Written by Jill Weisenberger, MS, RDN, CDE, FAND
There’s a reason that there are so many books about preventing and treating heart disease – there’s so much to say about it! I’ll spare you statistics, long explanations and a lengthy list of heart healthy dos and don’ts. Instead I’ll share with you just a few simple and quick ways to be good to your heart. I’m all about practical, so each of these five heart healthy tips will take you just minutes to implement.
Heart Healthy Tip 1: Open a can of beans
Beans, beans really are good for the heart! Drain and rinse a can of any favorite bean to reduce the sodium by about 40%. Each night, spoon some over a simple green salad. Eating four servings of beans weekly is linked to a 22% lower risk of heart disease. Beans may lower the risk of suffering a second heart attack too. Refrigerate the leftovers for tomorrow’s salad.
Heart Healthy Tip 2: Combine low sodium convenience foods with the “regular” product
Too much sodium is linked to high blood pressure, stroke, coronary heart disease and many other health problems. Fortunately, taste for salt is a learned preference, and it can be unlearned. To ease yourself – or your family – into lower sodium options, mix one can of no salt added tomatoes with a jar of regular pasta sauce. Or combine one can of no salt added green beans with a can of the traditional green beans. Easy peasy way to a nearly 50% sodium reduction.
Heart Healthy Tip 3: Stand, don’t sit
Some say that sitting is the new smoking. Even regular exercisers who are sedentary most of the day have higher levels of inflammatory markers in their blood and greater risks of several health problems. If you’re a sitter, why not got up once per hour for a 2-minute break? Stretch, do toe raises, walk to water cooler, do push ups against the wall. It doesn’t matter how you move, just move. Your heart will love you for it.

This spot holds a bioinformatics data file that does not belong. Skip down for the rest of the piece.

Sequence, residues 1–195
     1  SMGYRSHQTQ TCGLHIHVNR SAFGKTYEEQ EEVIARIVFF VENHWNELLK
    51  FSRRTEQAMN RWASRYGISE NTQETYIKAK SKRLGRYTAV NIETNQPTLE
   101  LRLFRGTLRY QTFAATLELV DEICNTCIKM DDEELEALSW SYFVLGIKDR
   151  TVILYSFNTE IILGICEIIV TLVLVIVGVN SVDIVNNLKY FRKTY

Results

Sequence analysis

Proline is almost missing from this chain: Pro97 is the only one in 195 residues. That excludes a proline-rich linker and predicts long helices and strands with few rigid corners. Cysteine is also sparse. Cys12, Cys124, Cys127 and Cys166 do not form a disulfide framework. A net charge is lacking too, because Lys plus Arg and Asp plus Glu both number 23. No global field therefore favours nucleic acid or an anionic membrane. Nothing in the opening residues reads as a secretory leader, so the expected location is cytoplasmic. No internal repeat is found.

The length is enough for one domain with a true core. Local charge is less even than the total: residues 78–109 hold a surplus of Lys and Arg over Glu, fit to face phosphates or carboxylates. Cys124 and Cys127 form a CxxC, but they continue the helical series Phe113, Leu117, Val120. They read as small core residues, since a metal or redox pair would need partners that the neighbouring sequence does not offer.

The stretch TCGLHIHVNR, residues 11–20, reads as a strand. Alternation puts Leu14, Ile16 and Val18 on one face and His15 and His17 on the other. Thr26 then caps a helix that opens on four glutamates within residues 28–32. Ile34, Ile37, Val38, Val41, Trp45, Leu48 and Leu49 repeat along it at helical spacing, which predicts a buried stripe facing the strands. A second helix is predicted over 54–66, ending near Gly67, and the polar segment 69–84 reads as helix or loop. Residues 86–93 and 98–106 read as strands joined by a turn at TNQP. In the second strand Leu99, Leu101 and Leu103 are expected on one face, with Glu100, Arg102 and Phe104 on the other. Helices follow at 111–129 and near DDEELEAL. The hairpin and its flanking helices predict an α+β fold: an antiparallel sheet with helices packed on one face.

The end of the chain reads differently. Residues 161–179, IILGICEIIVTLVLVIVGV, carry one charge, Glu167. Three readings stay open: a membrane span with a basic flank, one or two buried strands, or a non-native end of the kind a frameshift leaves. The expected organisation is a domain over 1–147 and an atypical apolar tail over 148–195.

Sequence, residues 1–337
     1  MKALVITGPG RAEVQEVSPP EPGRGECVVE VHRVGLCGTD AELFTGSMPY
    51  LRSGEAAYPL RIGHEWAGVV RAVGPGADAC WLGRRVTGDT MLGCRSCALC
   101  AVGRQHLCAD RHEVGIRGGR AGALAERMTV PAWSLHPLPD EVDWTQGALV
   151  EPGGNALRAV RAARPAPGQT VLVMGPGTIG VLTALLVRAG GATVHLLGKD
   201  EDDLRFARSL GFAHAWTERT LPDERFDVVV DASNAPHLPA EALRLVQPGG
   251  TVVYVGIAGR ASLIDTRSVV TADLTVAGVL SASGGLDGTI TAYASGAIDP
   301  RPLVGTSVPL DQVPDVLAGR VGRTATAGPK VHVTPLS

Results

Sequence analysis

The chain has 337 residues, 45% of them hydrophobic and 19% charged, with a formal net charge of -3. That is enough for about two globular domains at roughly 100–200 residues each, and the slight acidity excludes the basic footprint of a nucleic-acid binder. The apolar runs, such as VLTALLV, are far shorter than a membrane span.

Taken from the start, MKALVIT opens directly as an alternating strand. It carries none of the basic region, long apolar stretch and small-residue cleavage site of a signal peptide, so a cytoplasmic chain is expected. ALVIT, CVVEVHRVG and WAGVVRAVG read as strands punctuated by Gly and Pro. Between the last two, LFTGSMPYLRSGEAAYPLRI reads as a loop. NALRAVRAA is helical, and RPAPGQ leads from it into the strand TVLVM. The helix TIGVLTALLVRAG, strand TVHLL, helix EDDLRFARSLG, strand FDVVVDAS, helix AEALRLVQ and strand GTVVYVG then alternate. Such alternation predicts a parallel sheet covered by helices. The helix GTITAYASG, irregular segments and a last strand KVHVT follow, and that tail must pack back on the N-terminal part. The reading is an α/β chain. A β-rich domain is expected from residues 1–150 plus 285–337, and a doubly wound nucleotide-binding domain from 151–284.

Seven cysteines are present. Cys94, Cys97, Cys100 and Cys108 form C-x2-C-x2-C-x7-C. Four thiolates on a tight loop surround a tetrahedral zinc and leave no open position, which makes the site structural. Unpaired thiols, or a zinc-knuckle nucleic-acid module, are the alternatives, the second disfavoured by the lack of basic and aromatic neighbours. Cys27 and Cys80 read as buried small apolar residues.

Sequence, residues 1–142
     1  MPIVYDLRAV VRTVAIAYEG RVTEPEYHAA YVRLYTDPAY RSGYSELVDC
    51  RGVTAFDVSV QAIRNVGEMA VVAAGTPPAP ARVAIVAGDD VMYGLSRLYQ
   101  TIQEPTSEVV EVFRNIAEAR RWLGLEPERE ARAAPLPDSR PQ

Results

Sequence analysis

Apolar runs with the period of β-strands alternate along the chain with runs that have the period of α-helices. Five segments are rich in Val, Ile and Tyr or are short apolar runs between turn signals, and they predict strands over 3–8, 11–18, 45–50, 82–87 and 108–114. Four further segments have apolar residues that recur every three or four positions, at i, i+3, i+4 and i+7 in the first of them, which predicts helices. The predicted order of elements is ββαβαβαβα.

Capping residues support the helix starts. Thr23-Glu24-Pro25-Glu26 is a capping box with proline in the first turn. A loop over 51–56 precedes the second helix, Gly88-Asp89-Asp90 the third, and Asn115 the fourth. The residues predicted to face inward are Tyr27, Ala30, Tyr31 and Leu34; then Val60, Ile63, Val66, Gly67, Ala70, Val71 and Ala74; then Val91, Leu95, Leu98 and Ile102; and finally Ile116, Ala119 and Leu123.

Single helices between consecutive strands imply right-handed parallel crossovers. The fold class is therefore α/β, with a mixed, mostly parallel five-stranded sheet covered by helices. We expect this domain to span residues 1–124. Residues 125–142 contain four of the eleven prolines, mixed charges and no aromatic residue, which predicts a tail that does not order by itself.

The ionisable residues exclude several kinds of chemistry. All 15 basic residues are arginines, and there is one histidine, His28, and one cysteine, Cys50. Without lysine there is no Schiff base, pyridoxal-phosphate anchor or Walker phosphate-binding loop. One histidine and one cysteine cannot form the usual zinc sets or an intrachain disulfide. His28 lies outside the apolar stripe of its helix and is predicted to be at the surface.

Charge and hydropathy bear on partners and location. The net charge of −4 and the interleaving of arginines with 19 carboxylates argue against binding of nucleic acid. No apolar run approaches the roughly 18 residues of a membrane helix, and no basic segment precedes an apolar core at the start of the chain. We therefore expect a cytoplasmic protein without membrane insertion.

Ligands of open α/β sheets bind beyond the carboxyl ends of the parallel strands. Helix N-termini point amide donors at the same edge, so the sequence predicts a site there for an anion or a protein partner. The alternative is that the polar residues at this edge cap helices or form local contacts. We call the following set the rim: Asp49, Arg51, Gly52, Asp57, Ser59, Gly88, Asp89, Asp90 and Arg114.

Heart Healthy Tip 4: Brew a cup of tea
Sip a cup of black, green, oolong or white tea. Hot or cold, tea may help lower blood pressure and reduce the risk of both heart attack and stroke. Skip the bottled teas, however. They have little, if any, health-boosting compounds called flavonoids.
Heart Healthy Tip 5: Snack on a piece of fruit
Americans eat barely more than 40% of the recommended amount of fruit. Yet diets rich in fruits and vegetables are associated with better blood pressure, less stroke and coronary heart disease, healthier body weights, reduced risk of type 2 diabetes and more. Keep fresh, frozen, canned (no sugar added varieties) and dried fruit on hand. A favorite trick of mine is to take 5 pieces of fruit to work every Monday for a health boost each afternoon of the week.
These simple tips will bring you closer to a heart healthy diet and lifestyle.
Cheers to happy, healthy eating!